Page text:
The Journey

Joe and Sue Rogers Joe and Sue Rogers are traveling through their 16th year of coordinating AIMís missions among American Indians. God began this ministry with one mission of 15 people in North Dakota in 1996, to as many as 20 missions with 401 people in 11 locations in 2009. What a ride! Please read through the below standards carefully. They will reveal the nature of Native missions, centered on living out Matthew 22:37-40. Our teams must clearly love God and love people above all else.

The Five Fingers of a True Helping Hand

We will come to serve Jesus.
Our team will come first to serve Jesus Ė not a country, not a people group, not a community, not a ministry, not a pastor. The Lord will no doubt have plans for us, but our first priority is to seek Him, obey Him, and serve Him. Our teams do not have all the answers, or the best way of doing everything, or a monopoly on leadership during the mission. Our mission plan will begin with the desires and direction of the local pastor or missionary. Our intent is to assist the local Body of Christ in developing leaders, and accomplishing the tasks given them (and us) by God.

We plan to work with people, not for them.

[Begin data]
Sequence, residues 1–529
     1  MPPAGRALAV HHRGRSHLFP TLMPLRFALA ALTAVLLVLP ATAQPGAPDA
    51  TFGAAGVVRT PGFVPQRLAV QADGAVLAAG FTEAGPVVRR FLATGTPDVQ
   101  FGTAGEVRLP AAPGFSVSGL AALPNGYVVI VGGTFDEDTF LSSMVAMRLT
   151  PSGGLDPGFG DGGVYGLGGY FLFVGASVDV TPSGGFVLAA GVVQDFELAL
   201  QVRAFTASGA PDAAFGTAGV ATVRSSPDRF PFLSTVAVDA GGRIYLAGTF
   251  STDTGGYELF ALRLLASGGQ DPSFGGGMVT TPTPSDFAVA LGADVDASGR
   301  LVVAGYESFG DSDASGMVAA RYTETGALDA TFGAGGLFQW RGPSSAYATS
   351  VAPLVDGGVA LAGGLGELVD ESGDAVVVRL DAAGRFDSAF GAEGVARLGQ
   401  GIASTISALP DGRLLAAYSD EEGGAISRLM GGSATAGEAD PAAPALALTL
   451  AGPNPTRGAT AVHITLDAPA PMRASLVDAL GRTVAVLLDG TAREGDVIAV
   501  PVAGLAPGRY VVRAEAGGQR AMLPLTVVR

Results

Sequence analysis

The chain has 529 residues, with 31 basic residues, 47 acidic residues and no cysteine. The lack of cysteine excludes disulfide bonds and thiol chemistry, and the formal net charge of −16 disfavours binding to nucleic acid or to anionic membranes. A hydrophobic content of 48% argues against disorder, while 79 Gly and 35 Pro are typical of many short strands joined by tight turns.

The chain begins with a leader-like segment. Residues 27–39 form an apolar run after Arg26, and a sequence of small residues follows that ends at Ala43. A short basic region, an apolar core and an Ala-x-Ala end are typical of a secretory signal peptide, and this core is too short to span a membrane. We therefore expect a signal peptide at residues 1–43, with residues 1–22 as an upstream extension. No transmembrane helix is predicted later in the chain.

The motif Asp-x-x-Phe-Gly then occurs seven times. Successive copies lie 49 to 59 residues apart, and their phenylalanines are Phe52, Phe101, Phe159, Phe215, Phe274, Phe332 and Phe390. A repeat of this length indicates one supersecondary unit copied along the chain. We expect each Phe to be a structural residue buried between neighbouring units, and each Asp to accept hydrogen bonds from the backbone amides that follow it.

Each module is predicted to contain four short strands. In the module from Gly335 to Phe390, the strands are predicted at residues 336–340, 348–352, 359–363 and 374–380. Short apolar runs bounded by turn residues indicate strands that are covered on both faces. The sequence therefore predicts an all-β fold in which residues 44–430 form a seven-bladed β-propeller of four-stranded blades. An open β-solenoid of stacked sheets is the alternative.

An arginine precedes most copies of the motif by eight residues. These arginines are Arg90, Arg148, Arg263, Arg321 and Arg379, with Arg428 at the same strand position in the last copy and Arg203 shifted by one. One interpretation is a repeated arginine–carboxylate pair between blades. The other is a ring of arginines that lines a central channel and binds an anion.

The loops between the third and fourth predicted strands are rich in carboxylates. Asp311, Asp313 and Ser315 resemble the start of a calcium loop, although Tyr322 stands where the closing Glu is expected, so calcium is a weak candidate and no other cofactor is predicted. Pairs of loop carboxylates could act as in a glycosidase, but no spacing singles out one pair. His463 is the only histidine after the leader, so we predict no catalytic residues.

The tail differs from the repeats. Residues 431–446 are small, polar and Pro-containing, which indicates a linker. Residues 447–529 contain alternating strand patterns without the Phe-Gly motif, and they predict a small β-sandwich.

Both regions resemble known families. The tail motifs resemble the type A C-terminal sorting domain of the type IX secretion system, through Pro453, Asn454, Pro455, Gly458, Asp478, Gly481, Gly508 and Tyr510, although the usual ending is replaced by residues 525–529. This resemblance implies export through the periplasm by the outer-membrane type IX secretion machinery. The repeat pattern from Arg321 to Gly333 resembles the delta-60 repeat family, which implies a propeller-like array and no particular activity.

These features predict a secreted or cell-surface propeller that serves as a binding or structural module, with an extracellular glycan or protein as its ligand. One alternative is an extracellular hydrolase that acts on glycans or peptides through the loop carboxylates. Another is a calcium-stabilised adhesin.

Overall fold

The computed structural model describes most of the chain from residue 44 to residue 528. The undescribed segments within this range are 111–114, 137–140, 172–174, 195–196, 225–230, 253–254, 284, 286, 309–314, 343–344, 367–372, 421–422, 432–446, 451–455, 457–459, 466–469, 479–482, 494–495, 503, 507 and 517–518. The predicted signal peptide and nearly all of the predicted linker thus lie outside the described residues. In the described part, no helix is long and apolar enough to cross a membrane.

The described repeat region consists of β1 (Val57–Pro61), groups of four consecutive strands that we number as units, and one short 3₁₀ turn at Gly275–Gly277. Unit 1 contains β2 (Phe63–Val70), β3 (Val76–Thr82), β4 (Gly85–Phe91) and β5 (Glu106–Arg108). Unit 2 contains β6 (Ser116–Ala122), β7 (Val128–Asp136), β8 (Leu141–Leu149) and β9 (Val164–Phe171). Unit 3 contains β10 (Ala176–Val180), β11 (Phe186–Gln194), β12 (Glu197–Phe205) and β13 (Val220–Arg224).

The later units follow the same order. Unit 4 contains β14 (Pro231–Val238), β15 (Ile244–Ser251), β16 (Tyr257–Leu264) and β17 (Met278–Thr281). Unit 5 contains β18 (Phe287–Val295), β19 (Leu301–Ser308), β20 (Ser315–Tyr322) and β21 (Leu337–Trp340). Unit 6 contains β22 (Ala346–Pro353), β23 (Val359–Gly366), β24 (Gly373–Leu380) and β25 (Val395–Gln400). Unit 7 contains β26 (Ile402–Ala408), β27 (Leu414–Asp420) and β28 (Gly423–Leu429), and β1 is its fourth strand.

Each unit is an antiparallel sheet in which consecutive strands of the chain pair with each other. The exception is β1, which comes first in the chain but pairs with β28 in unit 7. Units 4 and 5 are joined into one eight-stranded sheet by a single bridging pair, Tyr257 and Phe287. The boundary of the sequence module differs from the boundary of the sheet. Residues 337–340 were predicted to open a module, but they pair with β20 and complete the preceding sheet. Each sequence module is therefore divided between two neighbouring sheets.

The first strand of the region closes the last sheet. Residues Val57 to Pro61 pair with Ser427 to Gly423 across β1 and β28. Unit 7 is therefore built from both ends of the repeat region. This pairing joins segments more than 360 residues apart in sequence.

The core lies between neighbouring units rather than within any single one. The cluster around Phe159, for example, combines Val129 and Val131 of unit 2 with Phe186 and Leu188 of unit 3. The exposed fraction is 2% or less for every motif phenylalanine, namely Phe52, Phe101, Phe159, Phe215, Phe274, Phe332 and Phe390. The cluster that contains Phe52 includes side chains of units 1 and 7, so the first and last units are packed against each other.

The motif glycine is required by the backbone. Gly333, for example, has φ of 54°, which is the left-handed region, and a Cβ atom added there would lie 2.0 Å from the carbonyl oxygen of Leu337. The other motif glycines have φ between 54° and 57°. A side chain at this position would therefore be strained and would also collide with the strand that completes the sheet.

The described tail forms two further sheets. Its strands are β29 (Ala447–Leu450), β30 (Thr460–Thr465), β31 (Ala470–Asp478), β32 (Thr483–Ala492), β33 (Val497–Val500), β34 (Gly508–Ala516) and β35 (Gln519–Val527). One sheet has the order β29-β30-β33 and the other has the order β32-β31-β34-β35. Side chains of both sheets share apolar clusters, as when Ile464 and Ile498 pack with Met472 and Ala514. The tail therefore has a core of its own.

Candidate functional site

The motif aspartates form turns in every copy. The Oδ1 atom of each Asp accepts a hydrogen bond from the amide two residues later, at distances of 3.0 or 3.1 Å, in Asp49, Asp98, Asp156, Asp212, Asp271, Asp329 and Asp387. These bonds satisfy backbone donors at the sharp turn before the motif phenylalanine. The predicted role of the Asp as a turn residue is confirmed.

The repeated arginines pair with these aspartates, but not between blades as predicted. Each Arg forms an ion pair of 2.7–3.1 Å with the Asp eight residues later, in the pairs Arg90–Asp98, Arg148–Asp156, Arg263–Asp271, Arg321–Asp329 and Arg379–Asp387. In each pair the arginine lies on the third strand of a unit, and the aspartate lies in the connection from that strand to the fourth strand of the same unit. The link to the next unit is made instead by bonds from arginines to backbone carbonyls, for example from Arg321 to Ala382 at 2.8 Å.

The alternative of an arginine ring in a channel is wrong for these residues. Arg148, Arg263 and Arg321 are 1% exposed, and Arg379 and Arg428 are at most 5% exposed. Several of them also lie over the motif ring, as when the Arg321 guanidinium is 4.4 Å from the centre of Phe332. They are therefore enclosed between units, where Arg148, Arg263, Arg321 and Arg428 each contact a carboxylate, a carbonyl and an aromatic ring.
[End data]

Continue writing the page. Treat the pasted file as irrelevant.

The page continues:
In most cases, our teams will only tackle smaller (not all-consuming) work/service projects where we can join the local Body in ministries they have chosen, working alongside them. We expect to get to know the people benefiting from our work, as well as their friends and family working with us.

We carefully avoid creating dependency.
We understand the fine line between helping people and developing dependency. Our field partners do not look at our teams as resources for money, free labor, and free equipment or materials. Partner churches are expected to contribute planning and direction, funds (when possible), and labor to joint work projects or ministry activities.

We plan missions for relational ministry.
American Indian mission projects are intentionally relational. They are meant to foster friendships that deliver opportunities to share lives, learn from one another, and encourage. When we care about someone personally, they are more likely to listen without prejudice.

We minister to the ministers.
Ministry will be directed toward our partners and their families on the field. They minister to Natives year-round, dealing daily with the hurt, lies, apathy, death, and distrust in their communities.

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